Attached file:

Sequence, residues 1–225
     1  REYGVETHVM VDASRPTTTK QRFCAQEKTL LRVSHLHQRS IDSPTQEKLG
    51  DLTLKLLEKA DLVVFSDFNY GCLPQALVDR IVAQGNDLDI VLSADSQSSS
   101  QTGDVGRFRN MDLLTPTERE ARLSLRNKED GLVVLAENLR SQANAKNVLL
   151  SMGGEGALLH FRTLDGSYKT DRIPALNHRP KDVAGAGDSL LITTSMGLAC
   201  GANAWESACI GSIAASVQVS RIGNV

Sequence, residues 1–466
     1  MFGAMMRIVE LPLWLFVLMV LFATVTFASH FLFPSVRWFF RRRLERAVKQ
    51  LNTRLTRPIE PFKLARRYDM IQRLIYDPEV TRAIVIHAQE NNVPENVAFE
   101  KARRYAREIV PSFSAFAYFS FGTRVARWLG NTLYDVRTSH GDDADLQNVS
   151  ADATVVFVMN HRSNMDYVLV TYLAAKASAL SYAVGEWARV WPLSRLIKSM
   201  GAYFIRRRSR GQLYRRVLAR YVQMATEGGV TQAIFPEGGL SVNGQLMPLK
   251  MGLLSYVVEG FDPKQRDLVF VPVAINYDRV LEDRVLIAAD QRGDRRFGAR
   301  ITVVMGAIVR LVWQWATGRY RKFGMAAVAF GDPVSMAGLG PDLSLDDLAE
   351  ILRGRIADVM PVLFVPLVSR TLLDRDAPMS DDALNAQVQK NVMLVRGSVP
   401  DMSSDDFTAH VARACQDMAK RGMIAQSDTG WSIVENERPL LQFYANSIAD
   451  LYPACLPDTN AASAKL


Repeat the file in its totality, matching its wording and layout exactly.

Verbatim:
Sequence, residues 1–225
     1  REYGVETHVM VDASRPTTTK QRFCAQEKTL LRVSHLHQRS IDSPTQEKLG
    51  DLTLKLLEKA DLVVFSDFNY GCLPQALVDR IVAQGNDLDI VLSADSQSSS
   101  QTGDVGRFRN MDLLTPTERE ARLSLRNKED GLVVLAENLR SQANAKNVLL
   151  SMGGEGALLH FRTLDGSYKT DRIPALNHRP KDVAGAGDSL LITTSMGLAC
   201  GANAWESACI GSIAASVQVS RIGNV

Sequence, residues 1–466
     1  MFGAMMRIVE LPLWLFVLMV LFATVTFASH FLFPSVRWFF RRRLERAVKQ
    51  LNTRLTRPIE PFKLARRYDM IQRLIYDPEV TRAIVIHAQE NNVPENVAFE
   101  KARRYAREIV PSFSAFAYFS FGTRVARWLG NTLYDVRTSH GDDADLQNVS
   151  ADATVVFVMN HRSNMDYVLV TYLAAKASAL SYAVGEWARV WPLSRLIKSM
   201  GAYFIRRRSR GQLYRRVLAR YVQMATEGGV TQAIFPEGGL SVNGQLMPLK
   251  MGLLSYVVEG FDPKQRDLVF VPVAINYDRV LEDRVLIAAD QRGDRRFGAR
   301  ITVVMGAIVR LVWQWATGRY RKFGMAAVAF GDPVSMAGLG PDLSLDDLAE
   351  ILRGRIADVM PVLFVPLVSR TLLDRDAPMS DDALNAQVQK NVMLVRGSVP
   401  DMSSDDFTAH VARACQDMAK RGMIAQSDTG WSIVENERPL LQFYANSIAD
   451  LYPACLPDTN AASAKL